Wednesday, December 4, 2013


Though I have never met him, I count Scott Whitaker as part of my literary community.  He has written outstanding reviews of two of my books and honed in on what I was trying to do in each.  For these kind, generous and intelligent critiques, I also count him as a friend.

Now it’s time for my readers to encounter Scott Whitaker the creative writer.

His poems have appeared in dozens of journals and literary magazines.  He is the winner of the Dogfish Head Brewery Poetry Prize and the Delaware Press Association Award for Field Recordings, and has been a recipient of a NEA grant for transforming Romeo and Juliet into a rock musical for teenagers.  He’s been nominated for a Pushcart Prize for fiction and the Whitman Prize for poetry, among others.  He is the literary review editor for The Broadkill Review and a member of the National Book Critics Circle.  

His chapbooks of poetry include The Barleyhouse Letters from Finishing Line Press, Field Recordings, and News from the Front by the Dead Mule School of Southern Literature.  His YA novel, Seven Days on the Mountain, and short story collection, Toxic Tourism, are available at

His newest chapbook of poems is The Black Narrows.  After I read a few of the chapbook’s poems that were published in The Broadkill Review, I wanted to feature Scott and his poems on this blog. 

The Black Narrows is a cycle of poems about a black-market community which existed on a saltwater marsh off Virginia’s the Eastern Shore in the late nineteenth and early twentieth century.  Here commercial waterman policed their oyster beds, killing those who would try to rob them.  “I like the idea that on the edge of the America there existed this place where you could be anything you wanted to be, live a life that you wanted, if you chose to live by the very harsh rules of the environment,” Scott said in a June 2013 interview in The Daily Fig.  

And he takes the images, voices and stories of that marsh community and weaves them into poems in the same tradition as Edgar Lee Masters' Spoon River Anthology.  Here are monologues and elegies as well as nature poems. In the Daily Fig interview, Scott mentioned that The Black Narrows is peopled with “a baker who buries his victims in the marsh, a tavern mistress who runs the opium market, kids dealing with their alcoholic parents….”  This is akin to theater — about people and relationships.  

Here are three poems from The Black Narrows by Scott Whitaker:


Skiff skinny. Narrow as his favorite gal's thighs.
Enough to cover his own body, no more;
bare and tight and long. Copper kettle drum,
screwed to a frame of drift and shark bone,
brings enough steam to troll for bait fish,
red drum, an occasional shark for parts and oil. 
He chugs chugs chugs, squat paddle wheel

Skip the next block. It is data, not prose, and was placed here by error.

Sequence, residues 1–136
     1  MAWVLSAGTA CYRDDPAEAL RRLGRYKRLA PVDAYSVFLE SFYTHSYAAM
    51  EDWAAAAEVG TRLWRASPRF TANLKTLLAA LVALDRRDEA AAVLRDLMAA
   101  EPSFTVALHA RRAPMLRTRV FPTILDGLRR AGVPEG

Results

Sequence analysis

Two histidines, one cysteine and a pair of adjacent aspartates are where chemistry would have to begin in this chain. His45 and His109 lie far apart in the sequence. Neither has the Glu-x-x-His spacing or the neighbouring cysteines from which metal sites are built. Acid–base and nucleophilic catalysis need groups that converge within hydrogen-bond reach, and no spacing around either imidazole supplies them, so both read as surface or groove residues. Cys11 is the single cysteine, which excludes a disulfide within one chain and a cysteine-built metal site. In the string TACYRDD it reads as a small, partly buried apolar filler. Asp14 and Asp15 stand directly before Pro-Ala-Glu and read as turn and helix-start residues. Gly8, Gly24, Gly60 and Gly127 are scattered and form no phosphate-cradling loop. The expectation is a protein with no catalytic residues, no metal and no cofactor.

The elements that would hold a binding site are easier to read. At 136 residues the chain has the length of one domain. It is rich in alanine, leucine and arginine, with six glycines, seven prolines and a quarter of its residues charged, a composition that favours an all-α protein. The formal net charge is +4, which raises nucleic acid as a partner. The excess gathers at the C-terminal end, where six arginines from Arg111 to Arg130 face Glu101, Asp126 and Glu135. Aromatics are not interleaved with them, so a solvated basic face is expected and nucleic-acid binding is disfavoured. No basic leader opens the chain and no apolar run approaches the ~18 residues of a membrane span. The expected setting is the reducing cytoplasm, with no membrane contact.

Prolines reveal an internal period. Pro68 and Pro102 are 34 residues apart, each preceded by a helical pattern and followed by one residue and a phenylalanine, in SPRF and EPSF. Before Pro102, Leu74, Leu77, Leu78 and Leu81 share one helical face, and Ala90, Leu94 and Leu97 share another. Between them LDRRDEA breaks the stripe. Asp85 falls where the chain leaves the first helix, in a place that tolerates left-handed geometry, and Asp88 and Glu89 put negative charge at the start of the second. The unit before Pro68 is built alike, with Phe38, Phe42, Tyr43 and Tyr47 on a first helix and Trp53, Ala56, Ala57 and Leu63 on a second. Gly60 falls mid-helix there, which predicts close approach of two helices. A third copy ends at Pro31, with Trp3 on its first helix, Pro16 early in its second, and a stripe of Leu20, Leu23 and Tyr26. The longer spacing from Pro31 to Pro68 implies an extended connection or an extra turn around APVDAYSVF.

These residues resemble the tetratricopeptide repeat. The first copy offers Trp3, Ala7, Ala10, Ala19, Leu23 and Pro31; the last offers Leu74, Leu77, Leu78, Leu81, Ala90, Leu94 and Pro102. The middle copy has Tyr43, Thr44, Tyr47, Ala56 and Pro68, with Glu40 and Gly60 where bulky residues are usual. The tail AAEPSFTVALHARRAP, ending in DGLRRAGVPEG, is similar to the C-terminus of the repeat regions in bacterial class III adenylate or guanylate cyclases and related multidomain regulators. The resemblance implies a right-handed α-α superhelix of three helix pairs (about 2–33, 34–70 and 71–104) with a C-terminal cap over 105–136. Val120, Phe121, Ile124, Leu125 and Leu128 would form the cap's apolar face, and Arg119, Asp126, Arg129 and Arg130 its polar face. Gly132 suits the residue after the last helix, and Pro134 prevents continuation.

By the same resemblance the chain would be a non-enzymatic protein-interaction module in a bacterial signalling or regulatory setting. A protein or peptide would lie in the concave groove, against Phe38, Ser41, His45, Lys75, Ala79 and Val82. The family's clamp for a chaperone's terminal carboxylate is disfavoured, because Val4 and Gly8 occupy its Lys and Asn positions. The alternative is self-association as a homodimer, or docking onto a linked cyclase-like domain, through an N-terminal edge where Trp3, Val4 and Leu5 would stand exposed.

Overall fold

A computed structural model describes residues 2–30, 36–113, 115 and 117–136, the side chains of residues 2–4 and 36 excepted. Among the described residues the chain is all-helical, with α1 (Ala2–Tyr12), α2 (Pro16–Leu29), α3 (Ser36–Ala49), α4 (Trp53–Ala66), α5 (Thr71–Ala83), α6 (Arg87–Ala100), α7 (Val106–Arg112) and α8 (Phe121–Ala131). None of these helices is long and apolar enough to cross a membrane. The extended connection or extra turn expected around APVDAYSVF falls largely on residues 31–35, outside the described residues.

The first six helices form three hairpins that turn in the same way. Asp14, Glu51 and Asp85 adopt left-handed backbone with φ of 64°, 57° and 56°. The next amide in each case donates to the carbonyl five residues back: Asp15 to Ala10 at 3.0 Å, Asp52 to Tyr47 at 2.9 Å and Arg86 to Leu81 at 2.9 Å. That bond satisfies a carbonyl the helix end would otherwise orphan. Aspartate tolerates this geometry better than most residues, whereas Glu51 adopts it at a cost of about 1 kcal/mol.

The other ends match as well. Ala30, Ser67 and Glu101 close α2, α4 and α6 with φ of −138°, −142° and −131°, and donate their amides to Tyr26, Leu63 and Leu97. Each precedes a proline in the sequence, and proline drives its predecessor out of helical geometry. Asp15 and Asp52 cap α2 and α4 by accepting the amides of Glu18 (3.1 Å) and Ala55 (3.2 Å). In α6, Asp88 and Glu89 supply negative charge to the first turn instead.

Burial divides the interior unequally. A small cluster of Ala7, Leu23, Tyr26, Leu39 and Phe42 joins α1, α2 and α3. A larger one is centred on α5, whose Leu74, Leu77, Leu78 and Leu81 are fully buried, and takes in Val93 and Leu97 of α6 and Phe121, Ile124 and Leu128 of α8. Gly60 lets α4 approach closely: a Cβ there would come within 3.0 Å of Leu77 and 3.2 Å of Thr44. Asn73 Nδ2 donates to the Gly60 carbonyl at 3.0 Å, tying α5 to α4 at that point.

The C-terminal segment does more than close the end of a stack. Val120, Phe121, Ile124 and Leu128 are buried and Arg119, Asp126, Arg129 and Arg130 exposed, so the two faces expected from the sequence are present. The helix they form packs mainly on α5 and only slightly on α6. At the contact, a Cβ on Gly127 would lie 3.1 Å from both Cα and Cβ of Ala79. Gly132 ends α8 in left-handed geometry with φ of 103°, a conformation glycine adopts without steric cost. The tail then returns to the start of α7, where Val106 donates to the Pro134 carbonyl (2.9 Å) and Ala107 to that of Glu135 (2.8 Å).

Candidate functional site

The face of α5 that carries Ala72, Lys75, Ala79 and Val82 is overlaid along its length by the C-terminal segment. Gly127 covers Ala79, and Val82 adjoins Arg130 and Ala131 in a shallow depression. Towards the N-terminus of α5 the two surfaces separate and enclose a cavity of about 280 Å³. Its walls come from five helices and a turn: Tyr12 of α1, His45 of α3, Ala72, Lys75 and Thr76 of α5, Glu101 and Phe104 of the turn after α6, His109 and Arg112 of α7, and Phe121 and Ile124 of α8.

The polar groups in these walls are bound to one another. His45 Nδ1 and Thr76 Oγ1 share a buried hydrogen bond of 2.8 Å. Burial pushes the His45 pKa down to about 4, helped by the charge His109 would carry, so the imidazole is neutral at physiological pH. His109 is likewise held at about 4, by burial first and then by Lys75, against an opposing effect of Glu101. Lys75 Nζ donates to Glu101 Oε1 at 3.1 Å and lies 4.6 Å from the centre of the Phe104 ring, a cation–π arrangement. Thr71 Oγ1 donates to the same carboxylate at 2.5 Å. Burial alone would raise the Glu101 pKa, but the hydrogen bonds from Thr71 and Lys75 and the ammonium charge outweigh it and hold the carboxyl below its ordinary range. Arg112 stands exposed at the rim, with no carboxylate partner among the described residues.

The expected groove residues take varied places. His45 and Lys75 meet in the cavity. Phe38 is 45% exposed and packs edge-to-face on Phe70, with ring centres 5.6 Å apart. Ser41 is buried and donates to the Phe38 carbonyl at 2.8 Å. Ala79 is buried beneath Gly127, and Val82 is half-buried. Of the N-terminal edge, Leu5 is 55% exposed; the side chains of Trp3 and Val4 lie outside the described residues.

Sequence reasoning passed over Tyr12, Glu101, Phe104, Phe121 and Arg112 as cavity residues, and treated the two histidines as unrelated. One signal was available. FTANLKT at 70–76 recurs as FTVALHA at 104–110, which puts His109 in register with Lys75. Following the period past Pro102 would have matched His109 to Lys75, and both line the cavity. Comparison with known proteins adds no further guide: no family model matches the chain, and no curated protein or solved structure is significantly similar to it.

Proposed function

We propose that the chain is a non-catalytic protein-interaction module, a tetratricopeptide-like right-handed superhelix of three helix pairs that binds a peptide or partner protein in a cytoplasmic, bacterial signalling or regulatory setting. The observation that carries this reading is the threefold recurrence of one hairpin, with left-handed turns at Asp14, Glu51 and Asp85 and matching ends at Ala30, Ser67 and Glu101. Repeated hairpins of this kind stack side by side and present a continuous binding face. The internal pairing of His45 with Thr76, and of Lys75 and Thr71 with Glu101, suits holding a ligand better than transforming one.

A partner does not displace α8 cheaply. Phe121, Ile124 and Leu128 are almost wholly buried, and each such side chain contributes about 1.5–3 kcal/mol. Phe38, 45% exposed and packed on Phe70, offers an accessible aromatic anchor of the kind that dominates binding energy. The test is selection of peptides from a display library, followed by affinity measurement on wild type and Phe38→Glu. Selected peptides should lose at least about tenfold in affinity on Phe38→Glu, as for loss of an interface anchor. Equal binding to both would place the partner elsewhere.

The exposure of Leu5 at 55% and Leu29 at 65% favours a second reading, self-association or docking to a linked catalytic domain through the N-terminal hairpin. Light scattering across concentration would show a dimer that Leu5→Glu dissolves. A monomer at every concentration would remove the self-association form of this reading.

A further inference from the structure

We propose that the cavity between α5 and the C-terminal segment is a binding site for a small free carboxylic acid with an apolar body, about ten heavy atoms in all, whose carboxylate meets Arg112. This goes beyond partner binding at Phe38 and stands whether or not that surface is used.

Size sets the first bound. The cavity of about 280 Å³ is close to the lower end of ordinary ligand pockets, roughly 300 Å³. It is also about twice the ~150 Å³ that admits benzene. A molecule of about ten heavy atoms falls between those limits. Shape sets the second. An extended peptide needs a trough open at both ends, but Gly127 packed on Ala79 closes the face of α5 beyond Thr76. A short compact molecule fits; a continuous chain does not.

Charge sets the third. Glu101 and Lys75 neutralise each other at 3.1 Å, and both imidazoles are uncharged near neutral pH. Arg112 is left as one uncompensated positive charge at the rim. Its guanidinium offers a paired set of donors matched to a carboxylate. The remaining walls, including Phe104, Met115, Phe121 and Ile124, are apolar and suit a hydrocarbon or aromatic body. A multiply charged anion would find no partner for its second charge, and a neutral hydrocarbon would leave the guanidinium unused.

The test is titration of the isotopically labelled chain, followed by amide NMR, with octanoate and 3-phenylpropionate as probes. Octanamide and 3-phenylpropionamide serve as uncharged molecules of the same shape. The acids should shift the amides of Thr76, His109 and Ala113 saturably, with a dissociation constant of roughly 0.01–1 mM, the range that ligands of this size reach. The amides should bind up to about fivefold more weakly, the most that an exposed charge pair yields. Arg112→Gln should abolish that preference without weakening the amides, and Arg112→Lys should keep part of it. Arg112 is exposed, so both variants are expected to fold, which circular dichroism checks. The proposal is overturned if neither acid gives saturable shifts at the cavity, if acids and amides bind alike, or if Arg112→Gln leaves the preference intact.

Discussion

pushing through four foot seas or a channel's icy chop.

Outlanders pay extra for salt goods, sea salt, saline
drip, byproducts of the little engine that puffs
puffs as he jags into the bay beyond the break
in the sawgrass. He breaks his fast with beer,
raw clams, little nicks, and grinds the meal
between his teeth, sucking their butter
sweet into his dry mouth. It is the only prayer
he can manage, except those quiet nights
at his bakery when he is in love with a new recipe. 
Narrows noise goes round round round 
that big skull of his, but in marsh,

building-deep and tall, he is loose, a single
voice among sandpiper song, loon call.
The dead buried there bother him not, a thief
or two, his ex lover's bully, somewhere socked
in the channel mud below his prow, the very silt
of his fattest oysters, bedded on the backside
of a murder rich mudbank. He bakes them with a wine
sour bread and upon them feeds, feeds, feeds.


Up into the gale she climbs, reaches to her thigh
for her rum flask and cigar. She goes up and up 

and up oh Ally, Ally eye. The gusts are strong 
enough to raise her up as if she were her own sail,

shirt, a billowing romance of wrinkles, her tattoos
peeking out and holding on for dear life. Oh Ally, 

Ally eye. She is and she isn't, and always is always,
and howls in rain, the skein of the wind bearing down,

Ally, Ally eye. Fish and fowl and bending pine,
all is rushing out, all is blowing back on Ally, Ally eye.


Elizabeth’s river cuts close to the balloon factory
where great airships bubble up like an engineers’ 
cartoon thoughts. Two great gears rise out of breaks 
in the brick as they turn amidst steam releasing locks.
For those whose house is not a home there is work,
Sunday pay, and then penny pitchers as Harkers empties
the weekend kegs, clears the storehouse shelves,
oysters, clams, great sides of venison from smoke hooks.
There is a clear ring in the air, for only sail stretchers 
are employed, their vices and straps compose soapy music
to accompany the thrum of river water turbine. Some
of the girls who work the dyes sing of the old country,
and in the wide halls of the factory, songs of love,
but only on Sunday, when the skeleton crew unlocks
broad notes, and unscrews the valves of pressure.

To order the chapbook from The Broadkill Press, click here.

To read interview (with writing advice), click here.

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